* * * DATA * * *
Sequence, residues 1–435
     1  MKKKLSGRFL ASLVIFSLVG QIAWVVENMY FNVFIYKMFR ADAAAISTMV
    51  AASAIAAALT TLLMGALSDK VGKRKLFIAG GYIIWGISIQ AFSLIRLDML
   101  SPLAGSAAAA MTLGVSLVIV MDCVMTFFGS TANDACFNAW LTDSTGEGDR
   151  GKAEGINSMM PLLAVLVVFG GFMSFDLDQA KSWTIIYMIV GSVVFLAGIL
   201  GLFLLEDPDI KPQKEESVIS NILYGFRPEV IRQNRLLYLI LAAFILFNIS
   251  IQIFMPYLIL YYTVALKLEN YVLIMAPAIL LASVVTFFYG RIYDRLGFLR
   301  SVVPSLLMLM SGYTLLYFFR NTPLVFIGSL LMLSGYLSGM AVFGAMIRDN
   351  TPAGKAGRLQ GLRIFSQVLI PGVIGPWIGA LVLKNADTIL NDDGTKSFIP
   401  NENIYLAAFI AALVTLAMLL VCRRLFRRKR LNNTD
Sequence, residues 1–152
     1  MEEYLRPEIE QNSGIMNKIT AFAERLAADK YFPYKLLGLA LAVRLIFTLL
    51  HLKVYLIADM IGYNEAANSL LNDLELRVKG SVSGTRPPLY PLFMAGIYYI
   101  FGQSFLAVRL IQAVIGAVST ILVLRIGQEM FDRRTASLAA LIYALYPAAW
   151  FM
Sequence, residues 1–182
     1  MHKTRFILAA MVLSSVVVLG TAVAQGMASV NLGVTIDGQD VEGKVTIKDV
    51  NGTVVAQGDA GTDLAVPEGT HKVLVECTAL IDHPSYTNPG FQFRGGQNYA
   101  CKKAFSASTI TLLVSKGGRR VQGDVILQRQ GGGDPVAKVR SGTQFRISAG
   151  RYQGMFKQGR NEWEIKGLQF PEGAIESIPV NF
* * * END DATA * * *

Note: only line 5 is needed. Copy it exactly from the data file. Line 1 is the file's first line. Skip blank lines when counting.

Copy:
   151  GKAEGINSMM PLLAVLVVFG GFMSFDLDQA KSWTIIYMIV GSVVFLAGIL